Ap world History Study Guide and Graphic Organizers – Unit 4: Early Modern Era, 1450 ce – 1750 ce

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AP World History Study Guide and Graphic Organizers – Unit 4: Early Modern Era, 1450 CE – 1750 CE

1. Europe and its colonies

AP students are required to know the major events surrounding the rise of European countries (monarchies) and the establishment of European colonies in the Americas, Africa, and Asia


Major events in Europe

Structure of its colonies


  • Expulsion of Muslims and Jews living in Spain

  • Reconquista: pushed Muslim influence out of Spain by reconquering Spain from the Muslims

  • Exploration: Christopher Columbus; Ferdinand Magellan

  • Unification of Spain under Ferdinand and Isabella; strengthening of centralization and authority of the monarchy

  • Inquisition: persecution of non-Catholics in Spain

  • Established colonies in the Americas and the Pacific Ocean

  • Economy: rise in wealth with acquisition of colonies; inflation from gold and silver brought into Spain by Spanish conquistadors; eventual decline in wealth as Spanish monarchs and nobles don’t invest money in Spain, but rather spend it on luxury goods

  • Caribbean: first land claims; Columbus

  • Mexico: Cortez conquers Aztecs with help from: superior weapons; diseases carried by his soldiers; the conquered peoples paying tribute to the Aztecs; legend of Quetzalcoatl

  • Andes: Pizarro conquers Incas with help from: superior weapons; civil disorder already in place; diseases carried by his soldiers

  • Other land conquests: Southwest USA; Chile, Argentina, Peru, etc.

  • Religion: missionaries often followed conquistadors to convert the native peoples; established Churches and schools to educated and Christianize the natives

  • Treaty of Tordesillas: Spain gets west of the line

  • Political Structure: Council of Indies governs colonies (sanctioned by the monarchy); viceroyalties = provinces, with a viceroy to govern each; grew into a large bureaucracy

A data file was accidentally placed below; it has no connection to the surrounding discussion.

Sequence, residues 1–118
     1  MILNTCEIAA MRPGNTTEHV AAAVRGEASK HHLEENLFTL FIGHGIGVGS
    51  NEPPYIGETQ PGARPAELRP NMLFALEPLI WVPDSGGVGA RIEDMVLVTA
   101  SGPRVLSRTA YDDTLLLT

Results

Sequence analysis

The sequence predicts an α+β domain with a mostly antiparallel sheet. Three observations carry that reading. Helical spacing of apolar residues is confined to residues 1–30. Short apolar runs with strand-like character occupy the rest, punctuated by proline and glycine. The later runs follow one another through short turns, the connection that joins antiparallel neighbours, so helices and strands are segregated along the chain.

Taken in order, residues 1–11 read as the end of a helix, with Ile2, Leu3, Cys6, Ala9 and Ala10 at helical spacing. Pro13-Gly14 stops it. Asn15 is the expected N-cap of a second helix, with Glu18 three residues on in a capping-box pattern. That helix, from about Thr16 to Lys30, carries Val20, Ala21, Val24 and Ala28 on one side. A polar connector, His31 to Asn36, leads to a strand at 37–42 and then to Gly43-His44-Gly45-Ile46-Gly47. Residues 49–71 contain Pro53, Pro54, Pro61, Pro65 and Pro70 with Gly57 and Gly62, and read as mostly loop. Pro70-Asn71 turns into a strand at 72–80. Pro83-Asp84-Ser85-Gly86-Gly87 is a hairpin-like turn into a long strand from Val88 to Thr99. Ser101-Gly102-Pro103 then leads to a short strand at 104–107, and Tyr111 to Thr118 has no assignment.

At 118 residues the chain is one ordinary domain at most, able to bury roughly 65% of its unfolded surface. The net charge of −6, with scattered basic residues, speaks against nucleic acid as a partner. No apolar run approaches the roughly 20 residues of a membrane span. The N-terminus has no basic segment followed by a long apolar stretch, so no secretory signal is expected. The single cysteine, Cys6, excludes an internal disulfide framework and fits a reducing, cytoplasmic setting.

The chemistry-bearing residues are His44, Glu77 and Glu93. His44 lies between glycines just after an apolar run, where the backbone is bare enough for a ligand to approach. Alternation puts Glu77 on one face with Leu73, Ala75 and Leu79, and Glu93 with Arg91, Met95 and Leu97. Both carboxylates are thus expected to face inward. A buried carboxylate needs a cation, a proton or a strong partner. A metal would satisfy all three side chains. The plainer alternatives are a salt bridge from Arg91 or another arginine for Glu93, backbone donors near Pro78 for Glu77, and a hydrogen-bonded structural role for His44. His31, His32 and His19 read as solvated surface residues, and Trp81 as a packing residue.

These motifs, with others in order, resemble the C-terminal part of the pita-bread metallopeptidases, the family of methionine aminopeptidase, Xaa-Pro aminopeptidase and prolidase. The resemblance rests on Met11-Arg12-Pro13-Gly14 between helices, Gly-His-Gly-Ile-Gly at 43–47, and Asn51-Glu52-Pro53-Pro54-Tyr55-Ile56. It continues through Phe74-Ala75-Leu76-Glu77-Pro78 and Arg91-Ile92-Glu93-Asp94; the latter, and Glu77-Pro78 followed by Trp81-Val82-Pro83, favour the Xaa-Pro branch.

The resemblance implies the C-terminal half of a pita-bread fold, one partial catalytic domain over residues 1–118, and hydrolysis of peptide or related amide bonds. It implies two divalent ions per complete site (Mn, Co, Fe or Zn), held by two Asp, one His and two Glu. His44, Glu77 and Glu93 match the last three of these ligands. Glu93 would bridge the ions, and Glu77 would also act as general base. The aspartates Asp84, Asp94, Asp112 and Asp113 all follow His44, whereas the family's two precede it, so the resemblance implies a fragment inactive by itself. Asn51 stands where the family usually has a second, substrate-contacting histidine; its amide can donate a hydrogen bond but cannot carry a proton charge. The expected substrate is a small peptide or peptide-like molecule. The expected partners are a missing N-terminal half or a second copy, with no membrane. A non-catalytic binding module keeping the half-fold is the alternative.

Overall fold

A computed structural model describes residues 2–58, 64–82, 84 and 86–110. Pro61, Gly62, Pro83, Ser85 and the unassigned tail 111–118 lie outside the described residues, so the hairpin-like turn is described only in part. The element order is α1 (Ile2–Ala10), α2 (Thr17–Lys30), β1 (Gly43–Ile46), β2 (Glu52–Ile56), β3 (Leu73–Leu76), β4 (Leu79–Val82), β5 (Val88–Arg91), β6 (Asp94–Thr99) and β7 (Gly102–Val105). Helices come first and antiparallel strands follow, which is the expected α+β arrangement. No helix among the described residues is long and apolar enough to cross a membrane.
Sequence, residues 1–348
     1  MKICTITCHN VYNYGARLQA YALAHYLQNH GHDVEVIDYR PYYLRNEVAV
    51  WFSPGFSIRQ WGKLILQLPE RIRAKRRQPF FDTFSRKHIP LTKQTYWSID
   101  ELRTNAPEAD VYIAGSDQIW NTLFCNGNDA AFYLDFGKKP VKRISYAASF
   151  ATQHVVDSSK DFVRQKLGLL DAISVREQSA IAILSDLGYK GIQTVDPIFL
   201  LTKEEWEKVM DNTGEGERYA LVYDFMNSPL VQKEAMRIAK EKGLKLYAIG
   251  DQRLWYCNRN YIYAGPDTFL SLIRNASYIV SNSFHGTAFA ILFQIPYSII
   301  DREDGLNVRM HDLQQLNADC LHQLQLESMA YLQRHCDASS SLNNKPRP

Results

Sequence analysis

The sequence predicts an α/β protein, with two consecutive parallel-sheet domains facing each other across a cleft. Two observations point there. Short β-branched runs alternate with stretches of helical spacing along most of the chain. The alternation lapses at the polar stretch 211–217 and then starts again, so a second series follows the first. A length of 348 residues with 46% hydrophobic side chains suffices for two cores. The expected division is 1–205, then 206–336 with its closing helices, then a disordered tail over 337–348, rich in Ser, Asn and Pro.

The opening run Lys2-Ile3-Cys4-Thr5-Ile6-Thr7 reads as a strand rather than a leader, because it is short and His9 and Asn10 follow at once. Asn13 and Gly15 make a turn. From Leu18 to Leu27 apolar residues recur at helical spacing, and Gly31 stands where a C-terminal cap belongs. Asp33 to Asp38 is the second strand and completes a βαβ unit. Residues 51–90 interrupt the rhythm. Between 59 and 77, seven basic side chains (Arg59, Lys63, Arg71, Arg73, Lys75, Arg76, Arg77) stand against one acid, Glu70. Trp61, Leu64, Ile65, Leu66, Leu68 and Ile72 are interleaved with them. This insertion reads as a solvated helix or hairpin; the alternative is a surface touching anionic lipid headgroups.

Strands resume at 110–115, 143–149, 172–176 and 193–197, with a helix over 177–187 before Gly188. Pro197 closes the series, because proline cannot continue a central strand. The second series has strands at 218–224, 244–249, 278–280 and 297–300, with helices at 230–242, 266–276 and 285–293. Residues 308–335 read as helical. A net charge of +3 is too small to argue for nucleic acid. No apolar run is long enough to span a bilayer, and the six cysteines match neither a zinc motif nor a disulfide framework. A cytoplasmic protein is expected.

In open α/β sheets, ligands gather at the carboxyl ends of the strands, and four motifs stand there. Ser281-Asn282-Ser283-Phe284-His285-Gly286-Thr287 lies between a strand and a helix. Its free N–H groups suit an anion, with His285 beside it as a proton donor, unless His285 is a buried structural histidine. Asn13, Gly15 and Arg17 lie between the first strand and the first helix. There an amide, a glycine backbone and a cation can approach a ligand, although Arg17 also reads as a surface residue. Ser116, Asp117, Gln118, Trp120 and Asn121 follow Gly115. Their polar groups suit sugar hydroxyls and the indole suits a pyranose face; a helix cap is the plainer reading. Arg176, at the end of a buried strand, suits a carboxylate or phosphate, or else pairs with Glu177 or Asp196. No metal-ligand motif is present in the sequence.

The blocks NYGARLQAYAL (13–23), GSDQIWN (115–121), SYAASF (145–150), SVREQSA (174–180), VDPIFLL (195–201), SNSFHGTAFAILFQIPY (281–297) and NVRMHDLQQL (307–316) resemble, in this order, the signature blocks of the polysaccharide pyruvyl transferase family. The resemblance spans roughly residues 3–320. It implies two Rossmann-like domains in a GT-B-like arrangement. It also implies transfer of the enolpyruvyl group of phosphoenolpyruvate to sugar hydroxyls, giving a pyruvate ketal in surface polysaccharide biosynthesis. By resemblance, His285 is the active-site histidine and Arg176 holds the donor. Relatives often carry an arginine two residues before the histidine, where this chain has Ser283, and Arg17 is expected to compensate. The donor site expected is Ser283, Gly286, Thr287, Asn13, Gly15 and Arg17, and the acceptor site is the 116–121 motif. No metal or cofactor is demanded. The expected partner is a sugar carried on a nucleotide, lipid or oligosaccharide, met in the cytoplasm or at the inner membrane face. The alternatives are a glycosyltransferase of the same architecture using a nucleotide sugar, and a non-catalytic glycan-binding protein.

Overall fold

• Economic Structure: encomienda = large land grants with natives to work the lands granted to Spanish settlers in the colonies; basically like slavery; agriculture and mining for precious metals

  • Social Structure: peninsulares, creoles, mestizos, mulattos

  • Patriarchy with traditional roles for women


  • State sponsored university for navigation and shipping techniques

  • Exploration: voyages along coast of Africa; across Indian Ocean to India and Spice Islands

  • Established colonies in the Americas and trade cities in Africa and Asia

  • Centralization and strengthening of the monarchy

  • Treaty of Tordesillas: Portugal gets lands east of line (includes Brazil)

  • Port cities established along the coast of Africa, India, and in the Spice Islands

  • Brazil: plantation economy; slave labor first by natives, then by Africans

  • Social Structure: Portuguese on top, followed by natives, followed by Africans

  • Religion: Jesuit missionaries established to convert natives



  • Parliamentary Monarchy after Civil War and Glorious Revolution

  • England rose to power in Europe, especially after the Spanish Armada

  • Naval dominance of Oceans

  • Entered wars to support the rights of Protestant monarchs

  • Religion: strict sects of Protestantism (Puritans) arose and were persecuted by more liberal nobles and monarch; Puritans sought religious freedoms in the colonies

  • joint stock companies established to fund voyages and colonial settlements

  • Jamestown: first permanent British settlement in North America; established to find gold and silver, eventually produced profits through plantation cash crops like tobacco

  • Plymouth: Puritan settlement attempting to establish a religious community

  • Political Structure: colonies allowed a degree of independence; formed their own councils to make decisions (town hall meetings, House of Burgesses)

  • Economic Structure: broad range of economic activity including plantations, trapping, lumber harvesting, fishing, trade, etc.

  • Social Structure: no nobility established, but natives and Africans had inferior status

  • Patriarchy


  • Absolute monarchy, elimination (failure to convoke) the parliament (Estates-General); rule by divine right

  • Strong standing military for expansion purposes

  • High taxes to support military campaigns

  • Louis XIV: palace of Versailles, moves court out of Paris, limits power of nobles, works to centralize government